Most people in the international development sector will tell you: there is no development strategy more beneficial to society than one that involves women as central players. And without sufficient investment in women farmers, we will fail to feed the world's booming population, reversing gains made through the Millennium Development Goals.
We simply cannot afford to leave women farmers behind.
Gender equity, where women and men are valued equally and enjoy the same opportunities to fulfill their potential, is a basic human right and an important component of international development work. When gender equity is present, we find accountability, efficiency and sustainability.
Former Secretary of State Hillary Clinton said in an interview with Heifer International's World Ark staff, "Women have shown, time and again, that they will seize opportunities to improve their own and their families' lives. And even when it seems that no opportunity exists, they still find a way."
Bhim Kumari Lama with her water buffalo in Juretthum village, Nepal.
Our mission at Heifer International is to work alongside women and men, providing animals and training, and educating them to use these gifts as assets to build businesses. As families grow better, more resilient crops, their nutrition and diets improve, and they earn more income.
Women make up 43 percent of the agricultural labor force worldwide. They are the very backbone of agriculture, the key drivers of food production. They own less than 1 percent of the earth's land, but they produce up to a staggering 80 percent of the developing world's food - proof that, as authors Nicholas Kristof and Sheryl WuDunn observe, "Women hold up half the sky." In this case, more.
We see progress around us. Extreme poverty has already been halved, and getting rates close to zero is a reality within our grasp. A dozen or more countries have reached the first Millennium Development Goal to halve hunger from 1990 levels.
But tell that to a mother who cannot grow or afford enough to feed her children.
Public and private investments in research, irrigation and infrastructure are up, and the Green Revolution continues. Yields are up, for example, in Malawi, which transformed itself from a net importer to a net exporter of maize for a number of years running. We've seen improvements in Rwanda, Kenya, Ghana and elsewhere.
But there remains much to be done; we cannot afford to lose the momentum. Women still face significant disparity in the resources and support they can access, including land, credit and education.
This is not acceptable.
Development is not just about offering the opportunity of a livelihood and access to basic social services; it's about creating an environment where people can realize their rights, achieve self-reliance and participate meaningfully in society.
Feliciana Martin prepares to work on one of her beehives in Tuiboch village, Guatemala.
For Heifer, it begins in a farmer's field, but it has to grow - to bloom, so to speak - so that women take their place and strengthen their impact in decision-making forums, such as local cooperatives, national agribusiness forums, government cabinets and others.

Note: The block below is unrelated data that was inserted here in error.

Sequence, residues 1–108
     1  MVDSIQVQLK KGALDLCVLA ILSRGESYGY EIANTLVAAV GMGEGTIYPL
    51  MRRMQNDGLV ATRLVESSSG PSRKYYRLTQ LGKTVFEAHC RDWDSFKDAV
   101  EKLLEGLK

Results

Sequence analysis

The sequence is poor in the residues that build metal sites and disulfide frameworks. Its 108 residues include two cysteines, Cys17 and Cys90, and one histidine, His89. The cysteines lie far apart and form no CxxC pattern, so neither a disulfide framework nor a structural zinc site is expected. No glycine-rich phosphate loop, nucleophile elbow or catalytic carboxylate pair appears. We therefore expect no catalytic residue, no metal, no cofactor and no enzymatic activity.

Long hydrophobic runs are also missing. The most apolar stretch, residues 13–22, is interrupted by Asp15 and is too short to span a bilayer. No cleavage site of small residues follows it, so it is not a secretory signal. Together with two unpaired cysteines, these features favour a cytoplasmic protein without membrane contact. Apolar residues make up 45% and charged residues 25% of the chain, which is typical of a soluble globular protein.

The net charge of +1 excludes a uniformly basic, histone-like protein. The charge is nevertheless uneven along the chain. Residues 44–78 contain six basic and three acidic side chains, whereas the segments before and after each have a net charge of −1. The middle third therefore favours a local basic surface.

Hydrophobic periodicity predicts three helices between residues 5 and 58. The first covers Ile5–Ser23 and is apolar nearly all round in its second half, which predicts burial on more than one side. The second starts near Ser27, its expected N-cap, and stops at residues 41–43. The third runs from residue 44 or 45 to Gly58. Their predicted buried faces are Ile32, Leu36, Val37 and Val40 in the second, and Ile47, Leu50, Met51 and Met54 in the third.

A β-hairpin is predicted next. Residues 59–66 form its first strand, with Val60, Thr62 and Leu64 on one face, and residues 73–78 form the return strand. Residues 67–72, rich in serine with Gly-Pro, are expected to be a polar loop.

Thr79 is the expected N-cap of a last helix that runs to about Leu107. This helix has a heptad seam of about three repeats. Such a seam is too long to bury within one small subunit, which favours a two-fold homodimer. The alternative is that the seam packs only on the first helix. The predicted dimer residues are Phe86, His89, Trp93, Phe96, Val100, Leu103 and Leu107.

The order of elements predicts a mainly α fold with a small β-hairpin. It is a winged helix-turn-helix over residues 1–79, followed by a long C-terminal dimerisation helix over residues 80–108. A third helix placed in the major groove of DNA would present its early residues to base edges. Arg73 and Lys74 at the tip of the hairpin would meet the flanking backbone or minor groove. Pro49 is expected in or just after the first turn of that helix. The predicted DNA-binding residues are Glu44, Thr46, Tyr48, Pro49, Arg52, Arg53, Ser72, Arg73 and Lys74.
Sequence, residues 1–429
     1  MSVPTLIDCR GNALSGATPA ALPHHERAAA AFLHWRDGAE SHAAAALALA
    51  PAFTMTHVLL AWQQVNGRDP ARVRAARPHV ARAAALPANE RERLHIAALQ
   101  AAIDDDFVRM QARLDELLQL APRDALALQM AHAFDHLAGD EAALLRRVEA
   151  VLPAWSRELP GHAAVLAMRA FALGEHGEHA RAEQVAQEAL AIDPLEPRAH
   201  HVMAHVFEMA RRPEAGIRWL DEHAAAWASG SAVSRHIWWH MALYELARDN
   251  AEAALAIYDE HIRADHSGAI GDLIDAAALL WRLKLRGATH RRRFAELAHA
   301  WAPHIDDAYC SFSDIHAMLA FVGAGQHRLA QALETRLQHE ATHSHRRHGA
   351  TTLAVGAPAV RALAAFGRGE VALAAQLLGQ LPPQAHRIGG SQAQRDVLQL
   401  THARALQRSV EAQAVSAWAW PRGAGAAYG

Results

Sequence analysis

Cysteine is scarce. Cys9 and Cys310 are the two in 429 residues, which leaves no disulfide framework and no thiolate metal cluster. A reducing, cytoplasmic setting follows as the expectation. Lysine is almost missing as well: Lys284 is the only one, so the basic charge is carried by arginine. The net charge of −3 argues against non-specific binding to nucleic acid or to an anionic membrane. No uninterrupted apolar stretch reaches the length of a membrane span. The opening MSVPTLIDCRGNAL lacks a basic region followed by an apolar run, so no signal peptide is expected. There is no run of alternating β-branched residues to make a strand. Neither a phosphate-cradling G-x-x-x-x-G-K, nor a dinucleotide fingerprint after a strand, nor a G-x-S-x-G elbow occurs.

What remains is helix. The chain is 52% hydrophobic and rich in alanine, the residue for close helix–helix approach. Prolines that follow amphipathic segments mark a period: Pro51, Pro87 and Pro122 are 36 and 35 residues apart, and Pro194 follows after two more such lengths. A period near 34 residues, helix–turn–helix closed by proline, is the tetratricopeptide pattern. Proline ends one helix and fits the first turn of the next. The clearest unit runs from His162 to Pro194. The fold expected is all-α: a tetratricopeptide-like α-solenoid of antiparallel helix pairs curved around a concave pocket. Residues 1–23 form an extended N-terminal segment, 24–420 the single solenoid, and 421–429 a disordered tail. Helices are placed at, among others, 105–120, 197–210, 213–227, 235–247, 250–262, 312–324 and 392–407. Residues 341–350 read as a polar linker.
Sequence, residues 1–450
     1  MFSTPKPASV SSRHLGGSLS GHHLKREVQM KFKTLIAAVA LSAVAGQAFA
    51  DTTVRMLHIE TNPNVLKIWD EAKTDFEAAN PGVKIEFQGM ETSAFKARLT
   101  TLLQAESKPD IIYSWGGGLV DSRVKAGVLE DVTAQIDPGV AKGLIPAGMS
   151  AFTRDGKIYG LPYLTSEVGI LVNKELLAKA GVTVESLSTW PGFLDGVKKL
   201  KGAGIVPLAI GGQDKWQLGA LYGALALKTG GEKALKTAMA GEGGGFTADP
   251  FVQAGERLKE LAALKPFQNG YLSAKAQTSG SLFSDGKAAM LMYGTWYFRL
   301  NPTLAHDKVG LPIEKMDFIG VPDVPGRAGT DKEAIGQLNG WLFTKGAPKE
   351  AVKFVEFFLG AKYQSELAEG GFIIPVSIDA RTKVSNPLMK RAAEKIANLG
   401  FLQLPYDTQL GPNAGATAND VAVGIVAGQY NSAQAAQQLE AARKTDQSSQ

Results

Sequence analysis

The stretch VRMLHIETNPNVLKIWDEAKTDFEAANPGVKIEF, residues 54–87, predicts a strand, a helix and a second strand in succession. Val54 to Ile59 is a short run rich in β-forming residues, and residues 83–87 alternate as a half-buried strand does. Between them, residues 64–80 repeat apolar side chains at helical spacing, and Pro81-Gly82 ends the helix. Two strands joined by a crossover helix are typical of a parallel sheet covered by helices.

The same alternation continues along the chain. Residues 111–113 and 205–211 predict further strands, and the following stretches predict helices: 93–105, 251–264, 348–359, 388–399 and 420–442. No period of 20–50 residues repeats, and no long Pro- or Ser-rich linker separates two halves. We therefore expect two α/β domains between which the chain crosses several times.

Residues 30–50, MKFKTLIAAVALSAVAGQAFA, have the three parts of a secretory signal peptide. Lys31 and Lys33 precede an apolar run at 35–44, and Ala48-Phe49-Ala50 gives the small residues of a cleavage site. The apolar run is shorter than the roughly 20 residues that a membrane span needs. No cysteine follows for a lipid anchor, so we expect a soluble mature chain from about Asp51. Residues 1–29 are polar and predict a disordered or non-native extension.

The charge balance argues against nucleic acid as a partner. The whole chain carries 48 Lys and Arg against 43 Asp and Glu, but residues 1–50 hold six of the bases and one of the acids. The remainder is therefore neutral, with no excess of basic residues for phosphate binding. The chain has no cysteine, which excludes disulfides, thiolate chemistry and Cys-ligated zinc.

History shows that economic and social development always contributes to positive attitudinal changes and perceptions regarding the role of women, proving that given the right tools, along with the opportunity to build assets and income and a means to broaden the views of men to accept women's rights, these women will help lead and help feed the world.
Take Joyce Ayiku of Ghana, for example.
Ayiku, or "Mama Yogurt" as she was dubbed, received a dairy cow from Heifer International five years ago. What she discovered was that there was little to no market for the excess milk from the cows (prior to 2007 in Ghana, dairy products made with actual milk - rather than powdered milk - were hard to come by). She soon began processing the extra milk into yogurt, and Heifer connected her with marketing professionals. She now can't make enough yogurt to keep up with the demand, even with the extra milk that the other 34 dairy farmers in her group sell to her.
Mama Yogurt serves up samples.
Joy Natural Yogurt comes in many flavors and is sold at supermarkets, schools and churches in her area. She makes her own labels with the help of her son, who is in college thanks to the money she's made.
And she's not done. She envisions her own Joy Natural Yogurt plant, as well as a stand-alone shop.
Challenging societal barriers to equality and equity - traditional gender roles, caste systems - has been part of many of our projects. In fact, in the majority of our projects, the livestock is given directly to the women, many of whom have never owned property in their lives.
Before traveling to India last year to visit some of our projects, I received the following video to prepare me for the impact I would witness in the field.
It's worth repeating: The world's women farmers, most of whom lack access to sufficient land, credit and education, already grow the majority of the food eaten in the developing world.
Just imagine what they will do when gender equity is realized - when men support them and we invest heavily in them. We will see a world where no child dies from poverty and hunger.
This post is part of a series produced by The Huffington Post and the NGO alliance InterAction around the United Nations General Assembly's 68th session and its general debate on the Millennium Development Goals (MDGs), "Post-2015 Development Agenda: Setting the Stage" (September 24-October 2, 2013). The session will feature world leaders discussing progress made on the MDGs and what should replace them when they expire in 2015. To read all the posts in the series, click here; to follow the conversation on Twitter, find the hashtag #No1Behind. For more information about InterAction, click here.
Follow Pierre Ferrari on Twitter: www.twitter.com/heiferceo